Over the past year we have walked through the Torah together. Torah is about instruction and guidance, helping us to truly become God’s people. But it is not just a series of laws or a philosophical approach to theology; rather, as Jonathan Sacks states, it is “truth as story”. Torah helps us understand how God is working in and through history, but also in us, his people; it is cosmic in scale, and yet also personal. As God works in creation, redemption, consecration of a people, transforming and creating a new community, he simultaneously challenges each new generation to respond to his calling, revelation, invitation, correction, and his commission.
But is this still relevant today? And can we legitimately apply its teachings to the area of mission? I would argue it is particularly important for our understanding of mission, precisely because mission is intrinsically linked with our identity. That said, “mission” is a large category. So in this final summary of Torah as a whole, I would like to examine how it helps in our understanding of church planting ministry, which is (or should be) ultimately the goal of all mission endeavour.
But a caveat. Much writing on church planting simply focusses on techniques and strategies. If this is what we want from Torah, we will be disappointed. The wise man may build on the rock, but his wisdom is still shown in taking the necessary time and effort to build a solid foundation. The term “church-planting” may be unhelpful unless we carefully define what we mean. We are certainly not referring to buildings, nor to necessary church structures. And while we rightly rejoice to see new churches constituted, even this is just a starting point, not the end goal. We want to see communities formed of people living in total submission to God over the long haul, reflecting his truth, love, and life to all around. It is a task we can begin, but from which we never graduate. It is when viewing the whole process of church foundation and formation that Torah can be so informative.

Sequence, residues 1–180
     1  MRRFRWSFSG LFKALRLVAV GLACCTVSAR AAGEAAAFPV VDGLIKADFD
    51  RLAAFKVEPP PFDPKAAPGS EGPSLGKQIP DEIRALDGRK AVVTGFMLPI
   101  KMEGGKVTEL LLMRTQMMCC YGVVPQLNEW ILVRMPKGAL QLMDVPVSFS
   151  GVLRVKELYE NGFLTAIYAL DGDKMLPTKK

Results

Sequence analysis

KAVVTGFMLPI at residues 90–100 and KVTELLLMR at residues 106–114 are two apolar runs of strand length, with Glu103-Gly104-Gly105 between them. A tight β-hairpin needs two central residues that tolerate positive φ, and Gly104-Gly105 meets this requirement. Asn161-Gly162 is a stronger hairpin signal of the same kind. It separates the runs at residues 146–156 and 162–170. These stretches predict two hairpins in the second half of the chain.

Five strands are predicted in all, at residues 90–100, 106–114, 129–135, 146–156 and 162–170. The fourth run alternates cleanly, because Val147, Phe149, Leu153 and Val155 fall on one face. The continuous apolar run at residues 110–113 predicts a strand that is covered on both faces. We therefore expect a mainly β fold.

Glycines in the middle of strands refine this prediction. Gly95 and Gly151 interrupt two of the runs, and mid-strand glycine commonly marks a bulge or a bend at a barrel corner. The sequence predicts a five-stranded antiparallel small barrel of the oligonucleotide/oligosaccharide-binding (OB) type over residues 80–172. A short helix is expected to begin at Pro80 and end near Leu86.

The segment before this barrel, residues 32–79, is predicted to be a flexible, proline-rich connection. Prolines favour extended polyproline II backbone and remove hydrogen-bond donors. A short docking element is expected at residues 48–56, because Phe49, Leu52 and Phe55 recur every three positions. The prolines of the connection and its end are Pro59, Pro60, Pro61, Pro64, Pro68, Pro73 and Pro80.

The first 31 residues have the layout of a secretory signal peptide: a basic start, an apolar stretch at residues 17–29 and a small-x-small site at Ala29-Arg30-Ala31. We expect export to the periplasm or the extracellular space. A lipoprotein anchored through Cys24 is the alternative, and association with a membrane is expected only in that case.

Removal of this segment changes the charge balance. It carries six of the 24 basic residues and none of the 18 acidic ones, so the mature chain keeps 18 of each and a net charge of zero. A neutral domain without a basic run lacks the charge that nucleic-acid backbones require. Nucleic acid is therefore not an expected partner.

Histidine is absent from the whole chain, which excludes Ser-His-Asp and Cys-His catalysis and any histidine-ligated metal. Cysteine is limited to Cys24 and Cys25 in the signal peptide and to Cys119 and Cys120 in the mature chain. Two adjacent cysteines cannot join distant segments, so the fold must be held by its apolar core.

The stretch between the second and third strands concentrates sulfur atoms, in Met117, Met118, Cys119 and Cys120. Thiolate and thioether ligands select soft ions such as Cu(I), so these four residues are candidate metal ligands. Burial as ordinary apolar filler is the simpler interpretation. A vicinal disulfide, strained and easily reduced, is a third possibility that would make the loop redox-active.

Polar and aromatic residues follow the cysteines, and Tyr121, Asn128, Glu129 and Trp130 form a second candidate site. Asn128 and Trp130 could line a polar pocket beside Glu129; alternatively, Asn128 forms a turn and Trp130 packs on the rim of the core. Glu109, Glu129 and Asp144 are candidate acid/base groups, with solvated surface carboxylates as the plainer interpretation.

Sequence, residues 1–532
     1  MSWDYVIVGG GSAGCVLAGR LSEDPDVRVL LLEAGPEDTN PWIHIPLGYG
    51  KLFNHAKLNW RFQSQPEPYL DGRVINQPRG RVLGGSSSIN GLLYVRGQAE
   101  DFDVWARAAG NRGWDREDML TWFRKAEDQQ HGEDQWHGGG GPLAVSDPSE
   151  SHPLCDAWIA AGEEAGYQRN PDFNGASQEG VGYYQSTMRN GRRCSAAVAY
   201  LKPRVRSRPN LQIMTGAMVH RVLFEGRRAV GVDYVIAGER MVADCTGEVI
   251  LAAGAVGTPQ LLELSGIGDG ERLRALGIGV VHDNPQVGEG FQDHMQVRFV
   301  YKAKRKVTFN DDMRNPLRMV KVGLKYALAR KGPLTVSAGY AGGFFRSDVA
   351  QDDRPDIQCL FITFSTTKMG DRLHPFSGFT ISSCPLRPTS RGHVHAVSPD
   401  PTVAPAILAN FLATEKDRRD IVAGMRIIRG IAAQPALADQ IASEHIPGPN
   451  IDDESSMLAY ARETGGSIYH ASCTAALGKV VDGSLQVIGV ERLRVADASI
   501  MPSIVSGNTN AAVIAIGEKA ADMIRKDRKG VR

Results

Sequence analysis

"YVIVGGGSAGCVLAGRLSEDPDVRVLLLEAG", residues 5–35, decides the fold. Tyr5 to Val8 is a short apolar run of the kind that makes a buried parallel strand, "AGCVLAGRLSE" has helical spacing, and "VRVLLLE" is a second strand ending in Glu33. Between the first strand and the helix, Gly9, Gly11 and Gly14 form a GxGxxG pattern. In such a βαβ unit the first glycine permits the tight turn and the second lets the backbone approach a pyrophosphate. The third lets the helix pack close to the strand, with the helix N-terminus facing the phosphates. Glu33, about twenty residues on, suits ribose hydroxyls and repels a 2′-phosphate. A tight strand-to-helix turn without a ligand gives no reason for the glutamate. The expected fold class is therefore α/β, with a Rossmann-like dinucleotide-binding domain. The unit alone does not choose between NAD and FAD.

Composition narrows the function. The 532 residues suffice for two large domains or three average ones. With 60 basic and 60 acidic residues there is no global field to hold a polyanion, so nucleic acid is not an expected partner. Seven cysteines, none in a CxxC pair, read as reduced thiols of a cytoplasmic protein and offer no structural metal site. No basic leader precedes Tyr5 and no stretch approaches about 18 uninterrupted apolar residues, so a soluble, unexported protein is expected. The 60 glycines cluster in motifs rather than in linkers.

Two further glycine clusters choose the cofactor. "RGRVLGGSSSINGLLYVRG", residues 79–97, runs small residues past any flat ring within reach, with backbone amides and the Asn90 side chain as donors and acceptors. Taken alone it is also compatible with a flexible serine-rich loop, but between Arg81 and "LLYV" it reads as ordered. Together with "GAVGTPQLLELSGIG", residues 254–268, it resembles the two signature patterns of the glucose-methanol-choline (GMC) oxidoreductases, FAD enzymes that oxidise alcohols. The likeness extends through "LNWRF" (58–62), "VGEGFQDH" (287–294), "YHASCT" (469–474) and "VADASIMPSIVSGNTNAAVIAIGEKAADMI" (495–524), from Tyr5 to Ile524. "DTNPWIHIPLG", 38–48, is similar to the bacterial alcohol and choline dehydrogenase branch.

Firstly, we must rediscover a total dependence on God, who leads us to places where He is our only recourse. Abraham called to leave Mesopotamia, Israel from Egypt, God’s people were constantly moved away from centres of power (and distracting resources). The desert wanderings required daily dependence on God. The fertile “promised land” was still dependent on rainfall from God (Deuteronomy 11:11-12) - no great rivers to provide a sense of security. Geographically it was vulnerable and always sandwiched between empires. For Sacks this led to an important aspect of Israel’s faith- “not security, but the courage to live with insecurity”.
We must learn to cultivate this sense of dependency; otherwise, God will remove much of what we normally rely on to teach us. Decisions on ministry should be guided by God’s leading; sadly today, our perceived resources (or lack of) are often what determine our level of commitment. Not a way to live, says Torah.
A common problem in today’s church is that many practices seem to flow from a “contract” mentality, i.e. I give something and expect something in return. But mission should never be undertaken in this way. It is a giving of self to God. Torah reminds us constantly that we are a covenant people. Much has been written about similarities between the Sinai covenant and other treaties common to the ancient Near East; but Sacks highlights three unique aspects- that one of the parties is God himself, the entire nation was party to the agreement, and it was to govern the internal life of the people, not just the external. God wants every part of every one of us all the time. Chris Wright reminds us that “the covenant was never a thing of the past, because Yahweh, as the living God, was the contemporary of every succeeding generation” (pg.62). He still is.
How then do we express the reality of being a covenant people in our lives and mission? Firstly, it should never cease to amaze us that God calls us into a loving relationship with himself. Following the episode with the golden calf, to a people who deserved punishment, God reaffirms that he is “abounding in steadfast love” (Exodus 34:6-7). Then Moses in Deuteronomy emphasizes that our lives are to be a response of love which engages every part of our being (6:4-6). One weakness of historic creeds was to emphasize correct belief (rightly so) but without insisting on a visible love response; we must reunite the two. Church planting must have as its aim a people who express such exuberant joyful love of God.
Second, remember we are a covenant PEOPLE, not a grouping of covenant individuals. The mark of this people is love of neighbour and love of the stranger (see Leviticus 19). Mission, and especially the task of church planting, is the highest expression of our covenant people status, where we simultaneously express our love of God and love of others, done in an attitude of total dependence on God. This is true living.
1996 Paternoster Press, Deuteronomy Chris Wright
2010 Maggid Books, Exodus: The Book of Redemption Jonathan Sacks
2019 Maggid Books, Deuteronomy: Renewal of the Sinai Covenant Jonathan Sack